He recognized early on that there was a karmic “rightness” about bringing bison back after settlers nearly annihilated all 35 million. As a species that evolved in the West over many millennia, Turner appreciates their superior competitive advantages over cattle.
Bison need less coddling than beef cows (which are bred to be docile). They can tolerate changing weather and climate better, don’t need to be fed huge amounts of hay to survive winters, don’t require being injected with growth hormones to fatten up, and are built by nature to better ward off predators.
That’s one reason, besides his fondness for wildlife, why Turner has a high tolerance for wolves and grizzly bears on the Flying D where today it’s home to 5,000 bison and one of the largest wolf packs in the Lower 48.
Despite assertions that wolf presence leaves bovines so stressed that pregnancy rates in cows are chronically adversely affected, pregnancy rates for Turner’s cow bison—with wolves in their midst—hover around 90 percent, says Turner’s staff veterinarian Dr. Dave Hunter.
Not long ago, Hunter ran an experiment comparing stress, via fecal cortisol and progesterone levels, in bison that had wolves around and other groups of bison that did not. Except for a stretch of weeks just after calving when mother bison are especially vigilant in protecting their babies, stress levels were identical.
“Wolves do not stress bison out. It’s almost like there’s this instinctive memory passed down through history in how the two species interact,” Hunter says, noting that Turner also tolerates the loss of bison calves to wolves. “Cow bison will kick the snot out of wolves if they veer too close to their calves and wolves respect that.”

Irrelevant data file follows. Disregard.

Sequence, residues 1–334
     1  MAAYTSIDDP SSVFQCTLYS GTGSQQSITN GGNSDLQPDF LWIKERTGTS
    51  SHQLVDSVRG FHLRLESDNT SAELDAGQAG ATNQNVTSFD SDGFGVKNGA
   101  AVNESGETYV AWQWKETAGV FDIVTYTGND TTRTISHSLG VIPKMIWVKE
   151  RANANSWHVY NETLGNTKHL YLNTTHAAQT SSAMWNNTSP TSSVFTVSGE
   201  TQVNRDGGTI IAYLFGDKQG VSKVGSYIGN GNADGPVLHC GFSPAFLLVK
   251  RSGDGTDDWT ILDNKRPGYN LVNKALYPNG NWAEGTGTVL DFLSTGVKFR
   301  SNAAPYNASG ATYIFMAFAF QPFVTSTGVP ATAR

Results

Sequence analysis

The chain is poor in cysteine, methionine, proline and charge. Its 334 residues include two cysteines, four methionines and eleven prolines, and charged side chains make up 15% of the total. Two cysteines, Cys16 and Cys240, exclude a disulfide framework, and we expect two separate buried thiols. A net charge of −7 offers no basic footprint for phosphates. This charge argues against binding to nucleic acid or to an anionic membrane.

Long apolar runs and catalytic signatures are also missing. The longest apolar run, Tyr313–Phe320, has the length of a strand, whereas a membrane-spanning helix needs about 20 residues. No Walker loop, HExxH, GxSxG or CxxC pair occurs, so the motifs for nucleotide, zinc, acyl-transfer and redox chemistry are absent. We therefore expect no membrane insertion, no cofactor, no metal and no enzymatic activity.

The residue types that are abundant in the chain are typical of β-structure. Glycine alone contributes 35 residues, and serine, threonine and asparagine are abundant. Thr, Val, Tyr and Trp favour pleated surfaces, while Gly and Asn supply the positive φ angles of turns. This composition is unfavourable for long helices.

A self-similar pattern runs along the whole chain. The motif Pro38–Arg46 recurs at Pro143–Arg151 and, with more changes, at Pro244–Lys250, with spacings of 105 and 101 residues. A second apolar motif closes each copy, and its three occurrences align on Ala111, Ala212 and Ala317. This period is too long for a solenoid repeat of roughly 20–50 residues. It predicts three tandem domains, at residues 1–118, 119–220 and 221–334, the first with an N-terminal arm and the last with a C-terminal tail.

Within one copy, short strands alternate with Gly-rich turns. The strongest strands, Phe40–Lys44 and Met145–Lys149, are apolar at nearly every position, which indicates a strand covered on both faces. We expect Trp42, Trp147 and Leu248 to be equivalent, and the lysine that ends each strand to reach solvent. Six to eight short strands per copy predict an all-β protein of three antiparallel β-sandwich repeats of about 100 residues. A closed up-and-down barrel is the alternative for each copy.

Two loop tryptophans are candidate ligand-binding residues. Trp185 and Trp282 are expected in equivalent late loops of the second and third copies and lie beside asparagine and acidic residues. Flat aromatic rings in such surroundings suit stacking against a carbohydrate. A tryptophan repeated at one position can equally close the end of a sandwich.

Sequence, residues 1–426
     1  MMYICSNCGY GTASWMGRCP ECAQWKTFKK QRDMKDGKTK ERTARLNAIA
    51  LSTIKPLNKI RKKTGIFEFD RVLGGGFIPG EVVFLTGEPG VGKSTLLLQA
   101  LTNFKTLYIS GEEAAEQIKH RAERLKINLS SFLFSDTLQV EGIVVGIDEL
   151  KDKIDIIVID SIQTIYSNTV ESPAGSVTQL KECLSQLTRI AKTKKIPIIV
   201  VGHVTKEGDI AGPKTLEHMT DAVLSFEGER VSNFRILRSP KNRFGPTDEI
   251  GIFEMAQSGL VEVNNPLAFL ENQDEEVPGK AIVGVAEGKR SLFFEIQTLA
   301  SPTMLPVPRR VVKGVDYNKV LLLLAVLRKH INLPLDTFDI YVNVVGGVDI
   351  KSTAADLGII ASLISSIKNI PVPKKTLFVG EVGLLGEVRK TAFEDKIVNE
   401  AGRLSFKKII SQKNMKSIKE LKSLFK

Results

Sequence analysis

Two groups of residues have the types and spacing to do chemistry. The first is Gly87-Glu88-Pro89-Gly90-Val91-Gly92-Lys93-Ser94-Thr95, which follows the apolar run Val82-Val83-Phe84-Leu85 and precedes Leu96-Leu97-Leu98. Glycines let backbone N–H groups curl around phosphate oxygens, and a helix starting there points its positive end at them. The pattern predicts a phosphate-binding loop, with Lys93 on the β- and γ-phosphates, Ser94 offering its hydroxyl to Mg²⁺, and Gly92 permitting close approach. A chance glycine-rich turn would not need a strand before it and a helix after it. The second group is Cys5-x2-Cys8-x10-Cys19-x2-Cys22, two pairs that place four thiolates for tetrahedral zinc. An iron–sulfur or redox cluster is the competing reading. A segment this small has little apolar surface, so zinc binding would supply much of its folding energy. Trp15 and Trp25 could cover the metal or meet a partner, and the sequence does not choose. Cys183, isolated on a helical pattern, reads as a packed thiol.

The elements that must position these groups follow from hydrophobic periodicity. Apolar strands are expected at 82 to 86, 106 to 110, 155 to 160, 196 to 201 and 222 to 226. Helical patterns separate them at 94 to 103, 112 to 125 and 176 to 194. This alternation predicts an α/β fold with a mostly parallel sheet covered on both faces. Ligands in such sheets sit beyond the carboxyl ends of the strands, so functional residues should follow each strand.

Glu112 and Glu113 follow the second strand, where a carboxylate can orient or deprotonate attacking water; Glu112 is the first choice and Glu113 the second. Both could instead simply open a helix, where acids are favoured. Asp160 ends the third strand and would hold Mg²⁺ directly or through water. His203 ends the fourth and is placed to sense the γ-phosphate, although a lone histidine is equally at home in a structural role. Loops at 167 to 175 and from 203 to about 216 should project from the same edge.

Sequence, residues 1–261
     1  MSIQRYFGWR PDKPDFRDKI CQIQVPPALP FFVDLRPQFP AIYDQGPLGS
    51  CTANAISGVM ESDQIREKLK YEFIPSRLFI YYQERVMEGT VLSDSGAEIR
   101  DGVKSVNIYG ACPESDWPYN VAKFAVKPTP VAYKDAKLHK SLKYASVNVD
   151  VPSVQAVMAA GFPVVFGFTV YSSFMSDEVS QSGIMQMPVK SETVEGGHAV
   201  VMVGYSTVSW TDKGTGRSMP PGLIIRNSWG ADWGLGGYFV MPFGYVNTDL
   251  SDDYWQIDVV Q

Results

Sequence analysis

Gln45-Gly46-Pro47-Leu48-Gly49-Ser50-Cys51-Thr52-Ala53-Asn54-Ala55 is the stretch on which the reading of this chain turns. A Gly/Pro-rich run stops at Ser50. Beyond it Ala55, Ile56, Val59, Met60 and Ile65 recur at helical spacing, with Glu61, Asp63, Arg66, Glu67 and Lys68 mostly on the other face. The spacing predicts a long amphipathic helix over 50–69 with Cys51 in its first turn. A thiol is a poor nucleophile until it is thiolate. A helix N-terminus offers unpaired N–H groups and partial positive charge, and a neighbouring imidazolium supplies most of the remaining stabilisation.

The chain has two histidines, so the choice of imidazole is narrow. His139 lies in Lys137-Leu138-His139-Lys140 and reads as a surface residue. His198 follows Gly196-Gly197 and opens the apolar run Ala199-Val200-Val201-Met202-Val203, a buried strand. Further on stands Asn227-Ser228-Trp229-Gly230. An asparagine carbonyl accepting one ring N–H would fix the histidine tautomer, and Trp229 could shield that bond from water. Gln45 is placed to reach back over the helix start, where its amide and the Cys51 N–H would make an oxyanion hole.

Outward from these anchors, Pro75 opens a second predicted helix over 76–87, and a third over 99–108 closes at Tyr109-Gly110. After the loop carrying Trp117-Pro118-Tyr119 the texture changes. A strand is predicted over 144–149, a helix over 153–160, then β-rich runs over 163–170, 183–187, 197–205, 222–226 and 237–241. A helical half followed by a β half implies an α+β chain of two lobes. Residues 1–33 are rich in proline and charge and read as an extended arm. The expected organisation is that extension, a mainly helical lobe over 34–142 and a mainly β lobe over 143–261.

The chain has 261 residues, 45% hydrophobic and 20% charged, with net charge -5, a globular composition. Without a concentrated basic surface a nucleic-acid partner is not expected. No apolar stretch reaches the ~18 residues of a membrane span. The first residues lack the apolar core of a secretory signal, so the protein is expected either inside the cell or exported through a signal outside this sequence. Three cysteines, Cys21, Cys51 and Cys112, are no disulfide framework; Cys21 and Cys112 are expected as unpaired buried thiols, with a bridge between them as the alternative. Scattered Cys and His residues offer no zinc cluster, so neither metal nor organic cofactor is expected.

The bison Turner sells commercially generate a profit. You can even eat the bison he raises at his Ted’s Montana Grill Restaurant in downtown Bozeman. Turner uses the revenue to keep re-enhancing the conservation values on his land—the essence of sustainability.
Those who insist that predators and prey on a western ranch are incompatible need to open their eyes. Turner is making it happen by defying the West’s cultural status quo of what it means to live a rich and meaningful life. As for Blixseth’s legacy, that’s for readers to decide.
EBS publishes Todd Wilkinson’s New West column every week online and twice a month in the print version of the paper. Wilkinson is author of the award-winning and critically acclaimed “Grizzlies of Pilgrim Creek, An Intimate Portrait of 399, the Most Famous Bear of Greater Yellowstone,” featuring 150 amazing photographs by Thomas D. Mangelsen. The book is only available at mangelsen.com/grizzly and when you order today you will receive a copy autographed by both author and photographer. Wilkinson also wrote a profile of Yellowstone Superintendent Dan Wenk for the summer 2016 edition of Mountain Outlaw magazine, now on newsstands.